• 6. ▶ Color Illustrations of Torte Assembly Full-color illustrations accompany torte formulas to show the internal assembly of these finished desserts. Patterned Joconde Dacquoise Orange Bergamot Curd Almond Genoise Chocolate Mousse Cocoa Gelée ▼ New! Flavor Sidebars These features show how flavoring ingre- dients may be used to change the charac- ter of a dessert preparation. VARIETAL HONEY More than three hundred types of varietal honey are available in the United States. Each nectar source contributes a distinct color and fla- vor to the honey. Use this to advan- tage when selecting honey to use in ice cream, mousses and custards. From the rich buttery flavor of avo- cado honey to the delicate floral taste of tupelo honey, alternating honeys will change the flavor pro- file of a dish. Do taste these honeys before using them. The pronounced taste of buckwheat or heather blos- som honey may be better suited to baked goods or chocolate desserts. Edible honeycomb makes an attrac- tive garnish, as do granules of dried honey. vi ▼ Troubleshooting Charts Troubleshooting charts enhance the learning experience by clarifying “how” and “why,” and by helping you diagnose and correct problems. TABLE 10.2 TROUBLESHOOTING CHART FOR COOKIES PROBLEM CAUSE SOLUTION Cookies too dense or hard Too little liquid in the dough Adjust formula or measure carefully; add more eggs   Too little fat in the dough Adjust formula or measure fat carefully   Too much flour in the dough Adjust formula or measure flour carefully   Dough overmixed Cream properly; avoid overmixing after adding dry ingredients   Cookies overbaked Remove cookies from oven promptly Cookies tough Improper flour used Use lower-protein flour   Too much flour in the dough Adjust formula or measure flour carefully   Too little fat in the dough Adjust formula or measure fat carefully   Too little sugar in the dough Adjust formula or measure sugar carefully   Dough overmixed Avoid overmixing after adding dry ingredients   Dough reworked during rolling Roll dough carefully; do not re-roll scrap dough Cookies too crumbly Dough lacks gluten development Mix longer; use higher-protein flour   Too much chemical leavening, fat or sugar used in the dough Adjust formula or measure carefully   Too few eggs in the dough Adjust formula   Dough too thin Roll or cut dough thicker Cookies flatten and spread too much  Wrong type of flour used Use higher-protein flour Too little flour in the dough Adjust formula or measure flour carefully   Too much chemical leavening, fat or liquid in the dough Adjust formula or measure ingredients carefully   Too much grease on baking sheets Grease equipment carefully   Dough too warm before baking Chill dough thoroughly before using   Oven too cool Adjust oven ▼ Tables Tables and charts offer visual support and organization of material to enhance your understanding. TABLE 10.1 COOKIE TEXTURES DESIRED TEXTURE FAT SUGAR LIQUID FLOUR SIZE OR SHAPE BAKING Crispness High High; use granulated sugar Low Strong Thin dough Well done; cool on baking sheet Softness Low Low; use hygroscopic sugars High Weak Thick dough Use parchment-lined pan; underbake Chewiness High High; use hygroscopic sugars High Strong Not relevant; chilled dough Underbake; cool on rack Spread High High; use coarse granulated sugar High; especially from eggs Weak Not relevant; room- temperature dough Use greased pan; low temperature VISUALGUIDE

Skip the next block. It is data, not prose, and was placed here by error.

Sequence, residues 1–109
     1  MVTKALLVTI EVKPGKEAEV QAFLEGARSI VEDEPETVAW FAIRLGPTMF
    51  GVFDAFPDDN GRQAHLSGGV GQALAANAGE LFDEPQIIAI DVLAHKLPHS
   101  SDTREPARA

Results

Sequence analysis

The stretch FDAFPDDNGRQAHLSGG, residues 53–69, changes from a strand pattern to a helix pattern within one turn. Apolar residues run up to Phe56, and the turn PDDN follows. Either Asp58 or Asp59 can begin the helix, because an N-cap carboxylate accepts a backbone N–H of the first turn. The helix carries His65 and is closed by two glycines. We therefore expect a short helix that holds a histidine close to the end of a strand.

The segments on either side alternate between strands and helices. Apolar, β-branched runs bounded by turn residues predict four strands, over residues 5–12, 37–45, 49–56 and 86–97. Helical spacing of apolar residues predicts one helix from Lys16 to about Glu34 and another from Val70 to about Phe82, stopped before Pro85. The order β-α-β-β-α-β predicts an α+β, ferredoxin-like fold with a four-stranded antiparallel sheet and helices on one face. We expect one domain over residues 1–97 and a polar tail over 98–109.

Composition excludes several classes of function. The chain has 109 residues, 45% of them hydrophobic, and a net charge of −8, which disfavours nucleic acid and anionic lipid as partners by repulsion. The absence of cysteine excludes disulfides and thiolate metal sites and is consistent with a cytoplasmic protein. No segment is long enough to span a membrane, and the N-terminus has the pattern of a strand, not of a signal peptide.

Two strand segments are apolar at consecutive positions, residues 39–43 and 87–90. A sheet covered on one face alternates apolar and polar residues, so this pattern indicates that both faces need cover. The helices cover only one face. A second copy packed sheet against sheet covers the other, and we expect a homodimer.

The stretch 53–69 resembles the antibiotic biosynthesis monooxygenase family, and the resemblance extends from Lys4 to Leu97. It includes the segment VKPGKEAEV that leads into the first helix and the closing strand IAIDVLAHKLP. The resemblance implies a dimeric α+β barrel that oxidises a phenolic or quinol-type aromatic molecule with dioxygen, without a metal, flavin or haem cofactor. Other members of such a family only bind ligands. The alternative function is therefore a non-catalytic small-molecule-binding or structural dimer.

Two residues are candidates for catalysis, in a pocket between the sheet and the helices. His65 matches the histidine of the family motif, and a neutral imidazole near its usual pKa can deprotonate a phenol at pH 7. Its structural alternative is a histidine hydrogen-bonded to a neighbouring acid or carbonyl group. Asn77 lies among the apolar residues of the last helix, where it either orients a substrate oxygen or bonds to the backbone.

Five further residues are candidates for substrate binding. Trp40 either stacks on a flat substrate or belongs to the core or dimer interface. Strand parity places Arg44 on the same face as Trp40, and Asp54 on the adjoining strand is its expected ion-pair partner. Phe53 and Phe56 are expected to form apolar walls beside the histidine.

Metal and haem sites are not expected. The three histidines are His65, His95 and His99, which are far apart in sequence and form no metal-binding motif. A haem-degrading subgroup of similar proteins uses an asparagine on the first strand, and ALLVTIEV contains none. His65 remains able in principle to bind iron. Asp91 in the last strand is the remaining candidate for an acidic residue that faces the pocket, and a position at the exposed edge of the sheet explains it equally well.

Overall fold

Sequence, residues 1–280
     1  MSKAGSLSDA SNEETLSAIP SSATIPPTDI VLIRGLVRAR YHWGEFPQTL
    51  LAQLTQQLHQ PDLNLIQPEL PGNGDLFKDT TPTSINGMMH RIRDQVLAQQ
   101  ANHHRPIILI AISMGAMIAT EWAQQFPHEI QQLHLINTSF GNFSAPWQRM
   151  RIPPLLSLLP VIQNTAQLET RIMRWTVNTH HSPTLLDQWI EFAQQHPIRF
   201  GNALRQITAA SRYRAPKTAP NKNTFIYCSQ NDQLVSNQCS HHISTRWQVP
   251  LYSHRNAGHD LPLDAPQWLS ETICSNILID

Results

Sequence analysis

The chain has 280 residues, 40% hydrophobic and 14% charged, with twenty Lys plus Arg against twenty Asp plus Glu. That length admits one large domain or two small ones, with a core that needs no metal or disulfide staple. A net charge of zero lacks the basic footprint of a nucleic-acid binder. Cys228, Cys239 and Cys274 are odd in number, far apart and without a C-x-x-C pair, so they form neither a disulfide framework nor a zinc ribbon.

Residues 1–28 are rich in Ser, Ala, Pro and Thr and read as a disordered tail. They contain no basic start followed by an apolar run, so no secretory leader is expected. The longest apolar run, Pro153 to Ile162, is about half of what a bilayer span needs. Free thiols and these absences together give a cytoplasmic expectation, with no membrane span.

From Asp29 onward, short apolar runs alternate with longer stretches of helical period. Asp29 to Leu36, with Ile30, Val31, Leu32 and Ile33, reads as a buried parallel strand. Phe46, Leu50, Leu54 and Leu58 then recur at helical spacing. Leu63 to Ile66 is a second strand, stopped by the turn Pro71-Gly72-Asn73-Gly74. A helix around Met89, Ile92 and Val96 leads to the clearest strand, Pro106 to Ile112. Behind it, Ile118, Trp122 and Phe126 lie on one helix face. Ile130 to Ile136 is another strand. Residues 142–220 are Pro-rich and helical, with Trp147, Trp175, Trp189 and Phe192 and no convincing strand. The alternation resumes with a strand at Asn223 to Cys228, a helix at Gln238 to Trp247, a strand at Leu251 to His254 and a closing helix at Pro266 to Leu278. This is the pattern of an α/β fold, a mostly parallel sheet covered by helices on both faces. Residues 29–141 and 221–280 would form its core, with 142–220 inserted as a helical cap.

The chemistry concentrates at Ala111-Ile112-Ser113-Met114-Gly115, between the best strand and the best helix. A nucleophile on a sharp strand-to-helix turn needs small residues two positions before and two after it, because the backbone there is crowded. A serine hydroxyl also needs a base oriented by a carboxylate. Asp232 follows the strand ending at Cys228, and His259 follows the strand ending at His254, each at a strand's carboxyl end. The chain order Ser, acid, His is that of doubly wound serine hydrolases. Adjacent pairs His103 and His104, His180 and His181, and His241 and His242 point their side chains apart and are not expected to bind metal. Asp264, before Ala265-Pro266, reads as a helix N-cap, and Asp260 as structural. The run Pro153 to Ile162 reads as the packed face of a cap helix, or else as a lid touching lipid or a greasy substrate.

• 7. ▼ Sidebars Sidebars present additional information on food history, food in culture and the background of professional food service. These sidebars help you understand baking and pastry arts in a wider social context. vii How and when the first yeast-leavened breads came into being, no one knows. Perhaps some wild yeasts—the world is full of them—drifted into a dough as it awaited baking. Perhaps some ancient baker substituted fermented ale or beer for water one day. In any case, the result- ing bread was different, lighter and more appetizing. Based on models, images and writ- ings found in excavated tombs, histo- rians are fairly certain that the ancient Egyptians saved a bit of fermented dough from one day’s baking to add to the next day’s. This use of sourdough starter continues today, enjoying wide- spread popularity. Other cultures developed their own leavening methods. The Greeks and Ro- mans prepared a wheat porridge with wine, which caused their doughs to fer- ment. The Gauls and Iberians added the foamy head from ale to their doughs. Both methods resulted in lighter breads that retained their fresh textures longer. Since ancient times, bread baking has been one of the first household tasks readily turned over to professionals. The first cooks to work outside homes during the Greek and Roman empires were bak- ers. The bakery trade flourished during the Middle Ages, with a wide variety of breads being produced. Yeast-leavened breads remained the exception, not the norm, until well into the 17th century, however. The first real collection of bread recipes is found in Nicolas Bonnefon’s Les Délices de la campagne, published in 1654. Bonnefon’s instructions, meant for those dissatisfied with commercial products of the time, included the use of beer yeast. By the end of the 17th cen- tury, published works included recipes for breads leavened with sourdough starter and the yeasts used in breweries. Louis Pasteur finally identified yeast as a living organism in 1857. Soon after, a process for distilling or manufacturing baker’s yeast was developed. By 1868, commercial baking yeast was available in stores. THE RISE OF YEAST BREADS ▼ Questions for Discussion Questions for Discussion appear at the end of each chapter to encourage you to inte- grate theory and technique into a broader understanding of the material. Web-based activities, as indicated by the WWW icon, encourage you to conduct research and seek answers from outside your primary classroom material. Terms to Know leavening active dry yeast instant dry yeast starter dough temperature straight dough method sponge method sourdough method old dough kneading windowpane test pickup stage punching down rounding proofing scoring refresh lactic acid acetic acid poolisch biga Q U E S T I O N S F O R D I S C U S S I O N ❶ Explain the differences among active dry yeast, instant dry yeast and compressed yeast. De- scribe the correct procedures for working with these yeasts. ❷ Explain the differences between a sponge and a sourdough starter. How is each of these items used? ❸ Describe the straight dough mixing method and give two examples of products made with this procedure. ❹ List the 10 production stages for yeast breads. Which of these production stages would also apply to quick bread production? Explain your answer. ❺ Locate a professional organization for bread bakers. What services are available to its members? ❻ Locate two recipes each for typical French, German and Italian yeast breads and deter- mine whether they are made with the straight dough, sponge or other pre-fermentation method. ◀ New! Terms to Know A list of important terms used in each chapter is provided to help enhance your vocabulary and reinforce professionalism. VISUALGUIDE